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It has been another busy month for the housing market, our case numbers were up 30% compared to last February and the average monthly house price rise in March was 1.7%, the highest growth at this point in the year since 2004, driving the annual rate of price increase to an astounding 10.4% (Rightmove, 2022). Yet the supply-demand imbalance remains the main driver for this price growth, and we suspect these high enquiry levels are a result of the changing base rate environment as households seek to secure competitive mortgage rates ahead of further rate rises. This trend of rising rates further was confirmed last week when the MPC announced the base rate was to increase by 0.25% to 0.75%. The cost-of-living crisis continues to squeeze household budgets, and this looks set to worsen this year with planned tax rises for April and rising interest rates feeding into mortgage costs. Furthermore, after the outbreak of the war in Ukraine, the world is facing the biggest commodities shock in decades triggered by a combination of conflict and sanctions, impacting energy prices and disrupting wheat supplies, and moreover igniting fear and uncertainty globally.
With a recession on the cards and inflation predicted by some analysts to peak this October at a staggering 9.5% as a consequence of the war and energy price cap changes – a 2.25% increase on the peak initially expected in April from CPI projections – many households will be looking to cut down their household bills and prepare themselves against future cost rises, including making their homes more energy efficient (FT, 2022). As a result, some households may make more sustainable choices and install greener equipment into their homes with the aim to save money on household bills, especially their energy costs, as fuel prices reach record highs this March at 178.97p and 167.03p for diesel and petrol respectively* (RAC, 2022). We suspect also there will be a growing demand for properties with higher EPC ratings as people seek out more energy efficient homes which cost less to heat, which simultaneously, may incentivise more households to make their homes greener when they come to sell. These factors will all inadvertently help the country take a step towards reaching national emissions targets, and with around 15% of the UK’s emissions coming from our homes, this is a positive outcome to what is otherwise a difficult situation for many.
The cost-of-living crisis will lead to many households feeling the squeeze, thus larger households may be prompted to sell, unable to keep up with the cost to heat their houses yet providing much needed housing stock for larger family homes. We have already noticed more people looking to capital raise on their properties, frustrated in their house search by the limited housing stock, choosing to stay put and see how they can convert their existing properties to meet their requirements instead. As EPC ratings become an important selling factor, people may look to retrofit their homes and remortgage to make their homes more energy efficient, thus increasing the number of green features in households such as heat pumps, cavity wall insulation and smart meters. In the long run, its plausible that demand will naturally grow for more energy efficient homes, the challenge of climate change becoming more prominent, and homeowners seek to do their bit and choose more energy efficient homes, in particular younger generations who hold a greater value on their environmental impact.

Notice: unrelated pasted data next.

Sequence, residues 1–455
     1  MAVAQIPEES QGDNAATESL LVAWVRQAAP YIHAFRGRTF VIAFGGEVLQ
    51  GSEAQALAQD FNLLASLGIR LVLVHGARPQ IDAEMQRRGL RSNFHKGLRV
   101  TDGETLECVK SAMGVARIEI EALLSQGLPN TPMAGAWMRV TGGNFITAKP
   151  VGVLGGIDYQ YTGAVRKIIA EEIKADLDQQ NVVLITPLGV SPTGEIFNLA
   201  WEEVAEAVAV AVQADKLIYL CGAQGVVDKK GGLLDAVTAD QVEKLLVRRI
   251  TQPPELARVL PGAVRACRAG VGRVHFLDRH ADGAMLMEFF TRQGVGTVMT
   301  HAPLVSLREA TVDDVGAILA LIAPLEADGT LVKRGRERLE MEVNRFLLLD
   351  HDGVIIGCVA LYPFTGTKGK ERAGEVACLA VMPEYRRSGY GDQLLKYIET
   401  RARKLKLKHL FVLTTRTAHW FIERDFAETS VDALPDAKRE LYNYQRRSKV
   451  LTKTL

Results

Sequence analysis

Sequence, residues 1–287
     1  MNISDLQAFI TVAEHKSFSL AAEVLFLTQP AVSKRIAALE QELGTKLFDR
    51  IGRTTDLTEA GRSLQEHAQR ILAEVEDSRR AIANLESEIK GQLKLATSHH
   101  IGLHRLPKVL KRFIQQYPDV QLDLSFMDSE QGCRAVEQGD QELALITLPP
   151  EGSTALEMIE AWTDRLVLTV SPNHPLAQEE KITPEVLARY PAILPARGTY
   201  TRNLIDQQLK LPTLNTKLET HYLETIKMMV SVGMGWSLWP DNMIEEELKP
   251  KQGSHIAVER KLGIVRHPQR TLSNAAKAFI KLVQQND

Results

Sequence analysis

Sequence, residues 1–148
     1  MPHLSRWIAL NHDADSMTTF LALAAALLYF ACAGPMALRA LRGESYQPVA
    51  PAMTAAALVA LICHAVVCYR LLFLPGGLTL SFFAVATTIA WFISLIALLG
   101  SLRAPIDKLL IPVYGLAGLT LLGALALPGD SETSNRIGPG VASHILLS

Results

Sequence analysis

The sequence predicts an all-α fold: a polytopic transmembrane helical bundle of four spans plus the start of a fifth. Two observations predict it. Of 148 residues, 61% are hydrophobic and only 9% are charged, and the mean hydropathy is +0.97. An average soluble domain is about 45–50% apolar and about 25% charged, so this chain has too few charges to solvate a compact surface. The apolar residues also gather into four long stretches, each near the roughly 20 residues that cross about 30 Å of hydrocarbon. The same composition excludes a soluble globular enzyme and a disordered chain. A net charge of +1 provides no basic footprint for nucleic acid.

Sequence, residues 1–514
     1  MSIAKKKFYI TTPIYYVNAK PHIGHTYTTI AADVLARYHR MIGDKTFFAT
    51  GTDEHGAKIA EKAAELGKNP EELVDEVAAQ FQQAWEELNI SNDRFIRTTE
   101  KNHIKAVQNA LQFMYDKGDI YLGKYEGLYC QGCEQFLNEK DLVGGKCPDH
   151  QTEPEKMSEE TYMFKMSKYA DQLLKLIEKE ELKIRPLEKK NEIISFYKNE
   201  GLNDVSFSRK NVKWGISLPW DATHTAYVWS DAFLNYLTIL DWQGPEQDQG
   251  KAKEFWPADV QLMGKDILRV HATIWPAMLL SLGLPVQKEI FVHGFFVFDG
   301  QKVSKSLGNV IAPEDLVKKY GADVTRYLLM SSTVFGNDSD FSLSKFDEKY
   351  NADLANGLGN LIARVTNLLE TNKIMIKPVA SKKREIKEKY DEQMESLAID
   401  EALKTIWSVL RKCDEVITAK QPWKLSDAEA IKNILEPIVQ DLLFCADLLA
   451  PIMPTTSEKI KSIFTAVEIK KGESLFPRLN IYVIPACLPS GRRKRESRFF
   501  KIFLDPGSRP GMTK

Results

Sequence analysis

Likewise, we suspect the growing demand in green housing will feed through to mortgage products as lenders look to reward green homeowners with more favourable terms. For instance, they may offer more competitive fixed rate products if you make certain green home improvements or change their affordability assessments where they consider a household’s cost savings on their energy bills. According to Leeds Building Society, 57% of advisers stated there was a significant increase in the demand for green mortgages over the past three months compared to last year (FT Adviser, 2021). Green mortgages offer households of energy-efficient homes with certain EPC or energy efficient ratings more favourable terms in the form of lower interest rates or cashback. These activities will be welcomed too by banks and stakeholders alike as this helps them meet their own sustainability targets. Lastly, we hope to see this increase in demand incentivise more product innovation by lenders, making green mortgages more competitive and accessable to borrowers.
* Figures correct at the time of writing.